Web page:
1.4 Systematic Evaluation
As we have seen, the necessity of belief in God’s existence was held with high esteem both in Africa and in Ancient Greece. Actually, the fulfillment of the human person was indubitably based on this belief. Both traditions agree that God was directly involved in the beginning of the universe. However, the doctrine of creation is not upheld in the Greek Society, as it is the case in the Traditional African Society. Aristotle on his side is very careful with the use of the word God and it somehow reluctant to conclude what he is really referring to. It has to be remembered that Aristotle lived during a period in which the Olympian gods were to be worshipped unquestionably. As a student of Plato, he had a clear recollection of what had happened to Socrates who rejected the Olympian gods completely. In fact, at the death of Alexander the Great to whom Aristotle was a tutor, it is reported that Aristotle withdrew from Athens, so as to prevent the Athenians from ‘sinning against Philosophy for the second time.' After assessing the conditions that surrounded him and his environs, he escaped from the scenario by talking of God without talking about Him at all. He thus used several terminologies to refer to the same as has been discussed above.
Much has been said of the God of Aristotle who is merely a cause and has no feelings and who does not care for the universe, which he created. But objectively speaking, it will be naïve to pay no heed to the momentous effort employed by Aristotle’s ethics to show how significant God is in fulfilling man’s life. He portrays a God who is very instrumental in the completion of the process of contemplation. God’s eternal principles and laws are mandatory in man’s life because they are the ones that are reflected in the natural law of man. Human laws are just but footnotes and plagiarisms of the totality of the Law of God.
Another concept that is common in both the Traditional African society and the Ancient Greek society in relation to belief in God’s existence is that failure to believe in God’s existence is detrimental to human life. To believe or not to believe, is more of an answer than a question. There is a very little room for deliberation. In both cases, every good action is aimed at preserving or repairing the relations that exists therein with God. Lack of fulfillment in life is as a result of deliberate refusal to gratify the goodness of God, which is his existence.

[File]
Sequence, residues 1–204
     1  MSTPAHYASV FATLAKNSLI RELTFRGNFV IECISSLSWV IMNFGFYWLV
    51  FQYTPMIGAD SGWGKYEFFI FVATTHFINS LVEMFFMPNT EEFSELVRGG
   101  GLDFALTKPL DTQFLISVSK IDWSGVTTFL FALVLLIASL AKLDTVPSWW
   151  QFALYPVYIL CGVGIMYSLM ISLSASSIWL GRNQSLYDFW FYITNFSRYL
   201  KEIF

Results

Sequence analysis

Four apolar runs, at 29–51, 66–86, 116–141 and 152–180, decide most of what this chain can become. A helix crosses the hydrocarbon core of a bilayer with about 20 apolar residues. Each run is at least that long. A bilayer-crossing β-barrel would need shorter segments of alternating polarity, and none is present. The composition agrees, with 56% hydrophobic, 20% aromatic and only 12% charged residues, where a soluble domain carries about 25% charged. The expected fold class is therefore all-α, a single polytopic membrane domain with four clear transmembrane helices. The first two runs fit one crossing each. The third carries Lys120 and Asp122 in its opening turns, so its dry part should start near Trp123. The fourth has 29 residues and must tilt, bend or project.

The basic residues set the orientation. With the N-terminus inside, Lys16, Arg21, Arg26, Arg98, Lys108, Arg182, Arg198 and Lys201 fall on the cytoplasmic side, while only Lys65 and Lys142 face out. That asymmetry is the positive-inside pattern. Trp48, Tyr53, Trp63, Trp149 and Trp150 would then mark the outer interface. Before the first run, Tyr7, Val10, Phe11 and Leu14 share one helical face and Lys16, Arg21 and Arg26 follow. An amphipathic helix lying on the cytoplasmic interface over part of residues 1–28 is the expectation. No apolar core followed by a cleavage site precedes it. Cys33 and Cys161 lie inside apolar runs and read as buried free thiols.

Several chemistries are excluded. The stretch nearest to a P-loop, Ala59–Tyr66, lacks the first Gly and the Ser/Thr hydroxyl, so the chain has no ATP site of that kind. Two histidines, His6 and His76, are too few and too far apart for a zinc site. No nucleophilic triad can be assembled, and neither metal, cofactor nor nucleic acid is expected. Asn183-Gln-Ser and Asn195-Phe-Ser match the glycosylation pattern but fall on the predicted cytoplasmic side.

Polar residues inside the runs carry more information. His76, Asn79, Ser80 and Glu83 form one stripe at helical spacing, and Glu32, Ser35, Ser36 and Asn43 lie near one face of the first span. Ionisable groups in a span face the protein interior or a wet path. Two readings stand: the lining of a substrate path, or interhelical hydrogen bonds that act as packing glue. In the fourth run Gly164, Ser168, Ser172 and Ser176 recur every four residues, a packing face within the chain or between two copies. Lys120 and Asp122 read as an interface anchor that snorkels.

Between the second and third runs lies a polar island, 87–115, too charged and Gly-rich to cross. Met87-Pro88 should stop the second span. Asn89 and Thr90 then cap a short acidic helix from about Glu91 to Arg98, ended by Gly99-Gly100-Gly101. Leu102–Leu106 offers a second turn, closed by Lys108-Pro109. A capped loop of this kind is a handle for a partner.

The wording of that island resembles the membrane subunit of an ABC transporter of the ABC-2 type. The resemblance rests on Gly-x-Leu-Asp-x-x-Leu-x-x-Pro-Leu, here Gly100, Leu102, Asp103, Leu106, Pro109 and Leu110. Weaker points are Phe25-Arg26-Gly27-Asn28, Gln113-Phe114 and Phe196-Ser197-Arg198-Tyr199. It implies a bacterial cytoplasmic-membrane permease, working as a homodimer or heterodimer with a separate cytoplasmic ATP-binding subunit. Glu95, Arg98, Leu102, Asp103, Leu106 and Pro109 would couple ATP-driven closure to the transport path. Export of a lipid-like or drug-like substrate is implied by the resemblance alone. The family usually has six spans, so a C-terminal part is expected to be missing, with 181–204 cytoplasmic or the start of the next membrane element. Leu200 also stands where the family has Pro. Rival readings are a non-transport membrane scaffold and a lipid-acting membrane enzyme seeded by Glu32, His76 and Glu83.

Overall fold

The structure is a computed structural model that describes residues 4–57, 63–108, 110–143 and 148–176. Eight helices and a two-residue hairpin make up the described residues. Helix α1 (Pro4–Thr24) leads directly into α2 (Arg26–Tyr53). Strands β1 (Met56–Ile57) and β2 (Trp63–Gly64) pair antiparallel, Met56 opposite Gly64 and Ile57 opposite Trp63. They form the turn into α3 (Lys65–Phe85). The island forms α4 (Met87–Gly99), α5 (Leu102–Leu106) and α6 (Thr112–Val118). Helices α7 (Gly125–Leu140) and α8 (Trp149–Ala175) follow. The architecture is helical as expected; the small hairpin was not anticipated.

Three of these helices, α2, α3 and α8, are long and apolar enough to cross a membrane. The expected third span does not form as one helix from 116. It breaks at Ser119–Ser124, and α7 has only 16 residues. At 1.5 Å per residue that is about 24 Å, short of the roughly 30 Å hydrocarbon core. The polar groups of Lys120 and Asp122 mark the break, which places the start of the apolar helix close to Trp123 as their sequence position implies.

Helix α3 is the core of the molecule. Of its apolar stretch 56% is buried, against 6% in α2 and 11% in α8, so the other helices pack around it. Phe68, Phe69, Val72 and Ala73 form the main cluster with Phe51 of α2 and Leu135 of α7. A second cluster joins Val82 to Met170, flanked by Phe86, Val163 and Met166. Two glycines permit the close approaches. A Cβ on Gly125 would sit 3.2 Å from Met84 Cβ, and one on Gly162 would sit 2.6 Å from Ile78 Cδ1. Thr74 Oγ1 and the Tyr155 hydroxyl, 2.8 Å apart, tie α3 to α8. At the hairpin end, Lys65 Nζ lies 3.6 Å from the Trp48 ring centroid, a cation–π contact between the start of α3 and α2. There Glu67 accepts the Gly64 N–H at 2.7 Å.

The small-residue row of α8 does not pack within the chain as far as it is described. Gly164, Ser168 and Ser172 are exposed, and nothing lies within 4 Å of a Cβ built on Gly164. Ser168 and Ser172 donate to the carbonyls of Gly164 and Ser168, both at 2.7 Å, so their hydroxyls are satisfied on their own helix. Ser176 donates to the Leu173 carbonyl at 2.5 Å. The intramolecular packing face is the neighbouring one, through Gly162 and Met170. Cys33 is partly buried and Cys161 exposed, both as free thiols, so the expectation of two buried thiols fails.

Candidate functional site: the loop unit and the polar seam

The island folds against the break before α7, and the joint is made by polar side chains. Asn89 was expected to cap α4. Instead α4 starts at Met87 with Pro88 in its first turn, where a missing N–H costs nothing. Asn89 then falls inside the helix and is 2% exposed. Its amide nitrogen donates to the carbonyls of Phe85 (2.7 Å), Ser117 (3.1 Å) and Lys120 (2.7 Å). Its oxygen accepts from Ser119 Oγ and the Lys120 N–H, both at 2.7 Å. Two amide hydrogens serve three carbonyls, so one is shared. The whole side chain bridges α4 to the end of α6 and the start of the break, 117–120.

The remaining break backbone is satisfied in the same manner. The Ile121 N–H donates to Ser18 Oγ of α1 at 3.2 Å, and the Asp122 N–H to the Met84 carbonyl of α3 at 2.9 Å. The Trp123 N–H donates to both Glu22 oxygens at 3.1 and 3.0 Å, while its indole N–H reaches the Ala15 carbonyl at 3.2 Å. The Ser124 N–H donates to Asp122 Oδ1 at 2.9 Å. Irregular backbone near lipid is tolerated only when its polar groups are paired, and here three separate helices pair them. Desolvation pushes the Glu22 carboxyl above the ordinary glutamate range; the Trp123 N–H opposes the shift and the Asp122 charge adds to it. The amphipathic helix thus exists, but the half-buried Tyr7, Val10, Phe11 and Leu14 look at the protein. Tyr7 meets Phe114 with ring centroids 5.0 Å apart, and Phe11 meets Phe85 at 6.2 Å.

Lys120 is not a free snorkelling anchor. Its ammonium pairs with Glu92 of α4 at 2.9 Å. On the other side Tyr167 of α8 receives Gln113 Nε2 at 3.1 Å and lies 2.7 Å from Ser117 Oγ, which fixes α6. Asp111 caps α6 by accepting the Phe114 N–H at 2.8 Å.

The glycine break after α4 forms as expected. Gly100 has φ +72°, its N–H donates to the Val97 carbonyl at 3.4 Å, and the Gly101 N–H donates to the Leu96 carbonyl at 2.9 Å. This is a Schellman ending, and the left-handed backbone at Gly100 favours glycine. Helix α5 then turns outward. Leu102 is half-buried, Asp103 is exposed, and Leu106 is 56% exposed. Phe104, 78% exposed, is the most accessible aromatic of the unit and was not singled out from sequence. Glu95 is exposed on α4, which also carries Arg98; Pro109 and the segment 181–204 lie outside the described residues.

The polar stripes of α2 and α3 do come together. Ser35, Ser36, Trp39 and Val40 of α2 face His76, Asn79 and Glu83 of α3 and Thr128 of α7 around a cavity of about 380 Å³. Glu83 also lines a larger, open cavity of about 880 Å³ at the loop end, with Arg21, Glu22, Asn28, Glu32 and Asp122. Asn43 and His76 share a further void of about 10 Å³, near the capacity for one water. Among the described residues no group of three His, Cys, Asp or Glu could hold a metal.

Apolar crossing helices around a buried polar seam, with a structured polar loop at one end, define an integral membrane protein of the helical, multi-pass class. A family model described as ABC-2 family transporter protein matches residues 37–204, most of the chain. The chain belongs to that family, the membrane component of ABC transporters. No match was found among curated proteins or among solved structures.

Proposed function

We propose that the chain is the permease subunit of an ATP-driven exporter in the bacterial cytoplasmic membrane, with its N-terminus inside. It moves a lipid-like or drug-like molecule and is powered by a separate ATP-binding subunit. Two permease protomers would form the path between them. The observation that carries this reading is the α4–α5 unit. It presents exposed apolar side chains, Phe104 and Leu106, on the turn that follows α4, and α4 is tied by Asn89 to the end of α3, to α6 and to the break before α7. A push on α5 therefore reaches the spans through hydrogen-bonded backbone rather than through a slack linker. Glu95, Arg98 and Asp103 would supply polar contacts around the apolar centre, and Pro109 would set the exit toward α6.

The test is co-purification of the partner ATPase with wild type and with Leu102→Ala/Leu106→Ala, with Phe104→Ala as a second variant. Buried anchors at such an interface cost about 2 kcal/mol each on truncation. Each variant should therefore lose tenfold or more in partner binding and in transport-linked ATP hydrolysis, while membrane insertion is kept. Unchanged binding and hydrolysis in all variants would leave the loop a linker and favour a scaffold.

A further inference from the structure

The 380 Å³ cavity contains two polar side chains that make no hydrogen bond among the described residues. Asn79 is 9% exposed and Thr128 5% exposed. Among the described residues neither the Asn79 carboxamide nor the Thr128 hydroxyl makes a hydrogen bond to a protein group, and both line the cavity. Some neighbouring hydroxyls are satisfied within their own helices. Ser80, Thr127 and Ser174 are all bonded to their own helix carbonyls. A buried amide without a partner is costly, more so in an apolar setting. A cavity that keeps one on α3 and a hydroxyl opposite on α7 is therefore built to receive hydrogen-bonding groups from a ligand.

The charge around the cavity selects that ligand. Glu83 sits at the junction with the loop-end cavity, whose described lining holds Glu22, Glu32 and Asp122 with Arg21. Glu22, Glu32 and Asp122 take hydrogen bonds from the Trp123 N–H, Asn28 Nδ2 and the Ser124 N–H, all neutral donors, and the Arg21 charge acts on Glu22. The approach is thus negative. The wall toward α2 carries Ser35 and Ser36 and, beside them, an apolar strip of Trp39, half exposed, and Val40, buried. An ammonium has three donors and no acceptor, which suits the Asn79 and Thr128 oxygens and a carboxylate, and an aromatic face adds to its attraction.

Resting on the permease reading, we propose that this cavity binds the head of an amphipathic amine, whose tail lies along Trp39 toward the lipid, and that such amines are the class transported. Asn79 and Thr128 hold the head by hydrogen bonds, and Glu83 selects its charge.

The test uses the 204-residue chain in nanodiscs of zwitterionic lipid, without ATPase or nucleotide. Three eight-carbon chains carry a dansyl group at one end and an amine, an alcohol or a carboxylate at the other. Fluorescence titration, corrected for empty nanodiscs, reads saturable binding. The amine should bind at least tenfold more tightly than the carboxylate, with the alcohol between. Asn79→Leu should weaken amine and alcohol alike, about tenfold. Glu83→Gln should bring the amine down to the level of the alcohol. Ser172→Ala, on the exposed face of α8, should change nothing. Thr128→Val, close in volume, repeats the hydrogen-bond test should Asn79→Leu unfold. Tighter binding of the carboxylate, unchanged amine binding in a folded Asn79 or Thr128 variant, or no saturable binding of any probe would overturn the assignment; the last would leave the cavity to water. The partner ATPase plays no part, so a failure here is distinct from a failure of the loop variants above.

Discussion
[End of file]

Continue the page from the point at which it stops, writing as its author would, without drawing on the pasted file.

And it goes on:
Interestingly, belief in God’s existence in these two backgrounds is propelled and strengthened by the insufficient empirical explanations for the events of nature. These include things like natural calamities. In fact, a Tsunami disaster in an African context would draw ethical explanations in reference to the modern erosion of morality. The council of elders would point out the dressing code, televisions, internet pornography and musical tunes adulterated with sexual innuendos as the cause of the Tsunami disaster and its likes. In line with this, God is always brought in as an explanation in the African context whenever there is an earthquake or thunder. He has a big role to play in the solution of puzzles. It seems that God was bestowed with the capability to separate the lips from the mouth. The same way, in the Greek society, several myths were in place to explain why things are the way they are. But with further discoveries based on reason and science, there is demystification and a demythologization of events, thus weakening the influence and affluence of God.
 Richard E. Creel, Thinking Philosophically: An Introduction to Critical Reflection and Rational Dialogue, (London: Blackwell Publishers, 2001) 20
 Plato, Apology, 17b, Trans. Lare Cooper, et al., (New Jersey: Prince University Press. 1963).
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 Plato, Sophist, 265b.
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 Plato, Epinomis, 978c.
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 Plato, Phaedo, 106e.
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 Aristotle, Metaphysics,Λ, 1074b, 9, 15. Trans. Hippocrates G. Apostle, Iowa, Peripatetic Press, 1979.
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 Heidegger considers nothingness as a very important thing and this is of course not what we are talking about in this case.
 Mbiti, 40
 Mbiti, 41
 Mbiti, 31
 Mbiti, 32
 Mbiti, 212
 Mbiti, 36
 Mbiti, 33
 Socrates was forced to commit suicide by drinking hemlock because of his religious convictions.
 Aristotle cited in Fredrick Copleston, 11